White Women, Read This: Race Trumps Gender | Teachers College Columbia University

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White Women, Read This: Race Trumps Gender

While many white women are acutely aware of the impact of their gender on their careers, they haven't had to pay a great deal of attention to issues of race. White women are willing to go to bat on matters of gender but fall silent when it comes to race.
While many white women are acutely aware of the impact of their gender on their careers, they haven't had to pay a great deal of attention to issues of race. White women are willing to go to bat on matters of gender but fall silent when it comes to race.

It's more comfortable for white women to focus on how they're oppressed because of their gender, their working-class background or their religious beliefs, says Sarah Brazaitis, a lecturer in social and organizational psychology at Teachers College, Columbia University, in New York City. "If white women could acknowledge that yes, they're white, and yes, that has an impact, it would make such a difference to women of color, rather than just focusing on the fact that we're all women, women, women."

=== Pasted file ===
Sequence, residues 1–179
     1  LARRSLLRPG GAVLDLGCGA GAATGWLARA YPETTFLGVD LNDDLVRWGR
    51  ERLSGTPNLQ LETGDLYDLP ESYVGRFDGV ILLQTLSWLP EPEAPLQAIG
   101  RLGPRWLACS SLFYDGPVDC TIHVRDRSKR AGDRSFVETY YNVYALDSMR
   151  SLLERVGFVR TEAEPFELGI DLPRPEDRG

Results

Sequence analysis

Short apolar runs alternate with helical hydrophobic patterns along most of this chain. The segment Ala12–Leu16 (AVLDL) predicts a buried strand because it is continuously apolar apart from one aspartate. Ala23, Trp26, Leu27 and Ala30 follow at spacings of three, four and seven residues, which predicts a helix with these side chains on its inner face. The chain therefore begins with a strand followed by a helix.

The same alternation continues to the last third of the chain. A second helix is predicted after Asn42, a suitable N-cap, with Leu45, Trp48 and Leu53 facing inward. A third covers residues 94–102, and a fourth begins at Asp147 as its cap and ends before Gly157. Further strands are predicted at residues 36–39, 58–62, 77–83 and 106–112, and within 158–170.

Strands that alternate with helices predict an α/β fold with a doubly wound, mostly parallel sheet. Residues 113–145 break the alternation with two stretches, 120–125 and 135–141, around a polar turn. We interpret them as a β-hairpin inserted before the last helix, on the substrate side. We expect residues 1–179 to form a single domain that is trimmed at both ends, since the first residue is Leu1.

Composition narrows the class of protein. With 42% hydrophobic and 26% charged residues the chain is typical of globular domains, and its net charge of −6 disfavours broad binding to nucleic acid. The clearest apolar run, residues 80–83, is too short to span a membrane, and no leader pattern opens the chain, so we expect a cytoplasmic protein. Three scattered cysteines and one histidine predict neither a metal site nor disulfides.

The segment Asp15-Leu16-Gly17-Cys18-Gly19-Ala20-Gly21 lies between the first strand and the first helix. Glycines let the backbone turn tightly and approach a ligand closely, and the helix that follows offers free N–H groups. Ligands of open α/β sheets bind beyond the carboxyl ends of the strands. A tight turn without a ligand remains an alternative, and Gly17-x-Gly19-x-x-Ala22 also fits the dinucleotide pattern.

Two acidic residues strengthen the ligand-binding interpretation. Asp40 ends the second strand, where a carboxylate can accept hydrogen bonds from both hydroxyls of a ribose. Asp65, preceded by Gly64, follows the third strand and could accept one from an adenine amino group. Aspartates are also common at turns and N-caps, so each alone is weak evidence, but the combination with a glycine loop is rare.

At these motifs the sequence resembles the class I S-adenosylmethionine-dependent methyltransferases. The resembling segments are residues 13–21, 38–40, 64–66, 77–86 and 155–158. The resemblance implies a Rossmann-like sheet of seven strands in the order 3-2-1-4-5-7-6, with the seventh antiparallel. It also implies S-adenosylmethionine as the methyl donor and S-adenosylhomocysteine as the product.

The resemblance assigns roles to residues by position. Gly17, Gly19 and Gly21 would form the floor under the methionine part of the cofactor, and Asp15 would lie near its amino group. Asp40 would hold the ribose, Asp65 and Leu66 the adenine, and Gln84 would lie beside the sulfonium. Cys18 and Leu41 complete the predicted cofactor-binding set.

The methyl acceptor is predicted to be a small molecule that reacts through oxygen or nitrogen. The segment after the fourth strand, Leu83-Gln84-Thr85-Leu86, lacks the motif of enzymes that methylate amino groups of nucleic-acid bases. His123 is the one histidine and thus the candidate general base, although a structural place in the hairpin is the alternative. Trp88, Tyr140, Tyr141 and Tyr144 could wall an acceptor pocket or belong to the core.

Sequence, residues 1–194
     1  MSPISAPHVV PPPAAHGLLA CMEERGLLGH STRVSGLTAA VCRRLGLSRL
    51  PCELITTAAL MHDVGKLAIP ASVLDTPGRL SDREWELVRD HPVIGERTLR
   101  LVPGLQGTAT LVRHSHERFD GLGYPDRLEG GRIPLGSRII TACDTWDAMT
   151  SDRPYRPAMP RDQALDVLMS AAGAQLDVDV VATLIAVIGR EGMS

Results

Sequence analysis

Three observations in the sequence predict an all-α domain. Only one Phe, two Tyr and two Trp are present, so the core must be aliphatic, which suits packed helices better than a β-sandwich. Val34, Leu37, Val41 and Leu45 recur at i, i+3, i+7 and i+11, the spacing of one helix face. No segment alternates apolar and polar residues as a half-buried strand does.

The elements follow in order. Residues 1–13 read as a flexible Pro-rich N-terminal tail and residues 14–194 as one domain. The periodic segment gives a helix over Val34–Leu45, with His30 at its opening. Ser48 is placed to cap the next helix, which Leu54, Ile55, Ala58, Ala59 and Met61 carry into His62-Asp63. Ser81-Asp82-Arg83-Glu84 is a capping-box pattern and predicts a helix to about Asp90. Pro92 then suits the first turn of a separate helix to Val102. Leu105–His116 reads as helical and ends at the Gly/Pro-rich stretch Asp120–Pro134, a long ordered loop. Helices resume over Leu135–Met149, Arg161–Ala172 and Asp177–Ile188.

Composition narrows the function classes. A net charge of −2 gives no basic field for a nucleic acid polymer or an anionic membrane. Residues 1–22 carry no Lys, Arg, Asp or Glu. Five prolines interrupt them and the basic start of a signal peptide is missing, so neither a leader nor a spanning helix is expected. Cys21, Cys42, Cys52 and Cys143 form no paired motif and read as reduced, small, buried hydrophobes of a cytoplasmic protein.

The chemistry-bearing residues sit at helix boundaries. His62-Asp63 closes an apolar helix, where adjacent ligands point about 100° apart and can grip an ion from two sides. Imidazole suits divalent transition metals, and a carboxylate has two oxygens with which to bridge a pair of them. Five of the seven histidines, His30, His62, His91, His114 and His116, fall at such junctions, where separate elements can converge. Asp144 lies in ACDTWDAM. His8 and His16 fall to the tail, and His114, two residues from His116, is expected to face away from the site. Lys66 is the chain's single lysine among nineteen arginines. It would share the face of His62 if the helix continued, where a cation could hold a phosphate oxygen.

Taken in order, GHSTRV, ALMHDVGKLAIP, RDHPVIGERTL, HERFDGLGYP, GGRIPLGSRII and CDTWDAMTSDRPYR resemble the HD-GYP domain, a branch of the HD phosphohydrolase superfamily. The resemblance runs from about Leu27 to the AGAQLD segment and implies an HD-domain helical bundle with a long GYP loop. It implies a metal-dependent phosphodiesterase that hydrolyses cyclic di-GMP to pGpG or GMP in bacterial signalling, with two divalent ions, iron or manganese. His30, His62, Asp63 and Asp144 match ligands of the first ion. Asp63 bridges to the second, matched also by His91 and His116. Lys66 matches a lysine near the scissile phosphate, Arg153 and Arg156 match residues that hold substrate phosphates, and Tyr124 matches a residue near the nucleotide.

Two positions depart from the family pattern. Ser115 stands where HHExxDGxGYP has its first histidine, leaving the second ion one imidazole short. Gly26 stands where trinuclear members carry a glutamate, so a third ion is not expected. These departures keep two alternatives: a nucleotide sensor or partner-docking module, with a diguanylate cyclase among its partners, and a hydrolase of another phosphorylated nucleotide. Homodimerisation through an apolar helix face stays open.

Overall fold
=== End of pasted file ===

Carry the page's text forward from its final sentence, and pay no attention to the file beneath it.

This article, written by Jennifer Gill, appeared in the June 1, 2006 publication of Working Mother.

Published Tuesday, Aug. 1, 2006

White Women, Read This: Race Trumps Gender

While many white women are acutely aware of the impact of their gender on their careers, they haven't had to pay a great deal of attention to issues of race. White women are willing to go to bat on matters of gender but fall silent when it comes to race.

It's more comfortable for white women to focus on how they're oppressed because of their gender, their working-class background or their religious beliefs, says Sarah Brazaitis, a lecturer in social and organizational psychology at Teachers College, Columbia University, in New York City. "If white women could acknowledge that yes, they're white, and yes, that has an impact, it would make such a difference to women of color, rather than just focusing on the fact that we're all women, women, women."

This article, written by Jennifer Gill, appeared in the June 1, 2006 publication of Working Mother.

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